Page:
Rightside and Radix: Hidden Talents to be Showcased at NamesCon

We at NamesCon are excited to announce that two of our conference attendees will be bringing a whole new set of skills to this year’s event. Statton Hammock from Rightside and Sandeep Ramchandi from Radix, otherwise known as DJ STATN and DJ Sandy, will be bringing the NamesCon crowd to its feet and getting the beat pumping! DJ STATN will be rocking the Sunday Night Cocktail Party, and DJ Sandy will hop in the booth for WaterNight on Tuesday evening.

We recently sat down with Statton and Sandeep to talk music, inspiration, and creative process:

NamesCon: When did you first start mixing or DJing?

Statton Hammock: I first started DJing dances when I was 14. I had the biggest record collection of anyone in middle school. “Mixing,” though, was nothing more than crossing over back and forth between a turntable and a cassette tape machine.

I didn’t really learn beatmatching, mixing, and music production until much later – about 7 years ago when I went to Tao in Las Vegas and rekindled my desire to produce house music. I took DJ lessons for 3 months after that, learning DJ techniques and the latest software. After that I bought a bunch of equipment and started playing wherever I could – mostly in my basement.

Sandeep Ramchandi: Around 3 years ago when a close friend left his DJ console at my apartment. He was expecting his first child so thought he’d able to get more opportunities to use it at my pad. He showed me the basics and I was hooked. I have always been passionate about electronic music but once I experienced the challenge and emotions of mixing, I was sucked in.

NC: What motivates you to create a mix?

Statton: Lots of things – people, places, conversations, music I hear, events, and emotions. I might be traveling for an ICANN meeting, hanging out with friends, witnessing an event or hearing a new song and I get a feeling for something. After that I start pulling together tracks that amplify my feelings. Sometimes it’s big and powerful music, sometimes it’s funky, other times it’s chill.

Sandy: The end result is immensely satisfying. It’s a collection of your favorite tracks strung together seamlessly – a great way to share the sounds you love with friends, who then share it further to build a far reaching network. The ultimate high is playing live to a crowd that really knows music. It’s a feeling of empowerment. Mash ups – where you blend one track over another – are a highly enjoyable way to develop something unique.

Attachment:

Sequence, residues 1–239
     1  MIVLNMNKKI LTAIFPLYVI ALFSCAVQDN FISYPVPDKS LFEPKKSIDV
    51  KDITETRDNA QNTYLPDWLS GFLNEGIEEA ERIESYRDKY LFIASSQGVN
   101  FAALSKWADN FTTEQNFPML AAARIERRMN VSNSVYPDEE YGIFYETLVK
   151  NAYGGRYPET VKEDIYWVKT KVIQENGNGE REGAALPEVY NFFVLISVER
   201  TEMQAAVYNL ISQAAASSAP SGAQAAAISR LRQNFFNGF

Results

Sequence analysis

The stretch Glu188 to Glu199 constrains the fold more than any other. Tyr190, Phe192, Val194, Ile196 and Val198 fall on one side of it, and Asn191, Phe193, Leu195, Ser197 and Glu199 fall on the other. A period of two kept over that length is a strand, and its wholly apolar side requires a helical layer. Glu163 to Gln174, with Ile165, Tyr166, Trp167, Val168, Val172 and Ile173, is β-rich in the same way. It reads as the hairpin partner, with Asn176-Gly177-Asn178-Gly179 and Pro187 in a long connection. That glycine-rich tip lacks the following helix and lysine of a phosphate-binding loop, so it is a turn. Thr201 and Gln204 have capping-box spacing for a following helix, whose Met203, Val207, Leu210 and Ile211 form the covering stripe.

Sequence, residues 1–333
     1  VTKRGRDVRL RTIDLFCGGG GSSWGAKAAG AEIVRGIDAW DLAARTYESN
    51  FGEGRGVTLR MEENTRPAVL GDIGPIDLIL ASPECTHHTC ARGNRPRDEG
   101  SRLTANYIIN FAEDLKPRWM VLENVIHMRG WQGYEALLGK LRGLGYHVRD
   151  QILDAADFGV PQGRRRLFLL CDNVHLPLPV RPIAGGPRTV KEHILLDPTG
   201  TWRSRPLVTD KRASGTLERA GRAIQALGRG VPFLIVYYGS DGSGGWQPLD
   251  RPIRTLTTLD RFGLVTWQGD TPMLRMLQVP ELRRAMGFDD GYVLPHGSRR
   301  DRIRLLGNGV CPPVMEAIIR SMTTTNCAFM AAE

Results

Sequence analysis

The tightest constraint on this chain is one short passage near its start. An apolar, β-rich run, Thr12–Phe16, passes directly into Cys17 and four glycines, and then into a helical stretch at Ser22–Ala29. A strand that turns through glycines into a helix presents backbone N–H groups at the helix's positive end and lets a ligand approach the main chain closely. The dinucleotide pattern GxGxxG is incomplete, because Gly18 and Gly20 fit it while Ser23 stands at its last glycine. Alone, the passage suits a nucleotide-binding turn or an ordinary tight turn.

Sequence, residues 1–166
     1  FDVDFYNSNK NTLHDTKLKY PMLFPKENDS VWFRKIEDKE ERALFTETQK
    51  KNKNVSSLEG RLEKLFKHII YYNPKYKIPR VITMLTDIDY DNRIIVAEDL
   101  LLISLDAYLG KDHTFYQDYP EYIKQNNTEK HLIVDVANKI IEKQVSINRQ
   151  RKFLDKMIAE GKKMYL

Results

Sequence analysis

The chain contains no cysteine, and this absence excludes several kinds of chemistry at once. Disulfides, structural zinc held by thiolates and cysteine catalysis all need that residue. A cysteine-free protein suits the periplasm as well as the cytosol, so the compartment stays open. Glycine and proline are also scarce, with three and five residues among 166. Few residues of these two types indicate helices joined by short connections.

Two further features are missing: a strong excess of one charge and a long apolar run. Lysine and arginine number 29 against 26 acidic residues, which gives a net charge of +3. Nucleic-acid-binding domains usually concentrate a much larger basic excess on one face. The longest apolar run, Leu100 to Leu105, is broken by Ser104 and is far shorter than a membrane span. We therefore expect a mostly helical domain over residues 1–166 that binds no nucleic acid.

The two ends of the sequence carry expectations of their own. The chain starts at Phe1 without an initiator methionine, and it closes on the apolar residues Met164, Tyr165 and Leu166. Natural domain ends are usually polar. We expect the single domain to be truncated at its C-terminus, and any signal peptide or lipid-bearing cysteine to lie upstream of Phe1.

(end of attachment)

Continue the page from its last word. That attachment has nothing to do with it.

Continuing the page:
NC: Tell us about the creative process you go through in creating a mix.

Statton: Every mix I make begins with a track that has a catchy bass line and a good hook, even if I am making a “raw” hip-hop mix. When people download a mix, I think they want to hear something immediately upbeat and catchy. It’s a little different from performing live, where I might warm up the crowd with something deeper. From there I layer the tracks based on BPM, key, and structure. I chop and splice songs and add a few sound effects once I have put down the songs in the order I want them to play.

Sandy: First you need to pick a genre, a central tone for the set. I’ve tried my hand at various genres from trance to deep house and they each aim to deliver a variety of emotions from euphoria to absolute peace of mind. While today’s software helps tremendously in aiding the mixing process, it only really provides indicators. You have to try and test several different things to finally choose the final tracklist and effects
NC: How much time do you spend creating a DJ mix?

Statton: Usually a mix takes me a 2-3 hours to create if I can set aside time to do it in one sitting. Plane travel is great for this. I don’t like most of the movies available on airplanes so I spend time on Ableton Live, a type of music production software, on my laptop. Often the person sitting next to me can’t resist asking me what I am doing. When I explain it, they want to listen. Surprising, lots of older folks like house music…or else they’re just being nice.

Sandy: A few hours over most weekends. I feel prepared to start opening for more established DJs, and in the future I’ll be looking to spend more time behind the deck of a local bar or club.

NC: Which DJs or artists do you feel you are inspired by?

Statton: I am mostly inspired by one DJ named Maurizio Colella, better known as EDX (@EDXMUSIC). He’s an Italian DJ and producer. His tracks are characterized by strong rhythmic bass lines, catchy melodies and he uses great vocalists to make his songs very soulful. I also like Diplo. Diplo is blowing up right now and working with everyone in the music business but I used to listen to him years ago when he was jamming all sorts of stuff together trap, new disco, hip-hop, and house and he made it all work. So talented..

Sandy: Eric Pryda aka Pryda, Above & Beyond. Recently I flew halfway around the world to see them and other live DJs in a Halloween concert in Ontario, California.

To have a listen to what’s these two have in store for NamesCon attendees, you can connect with STATN and Sandy online.


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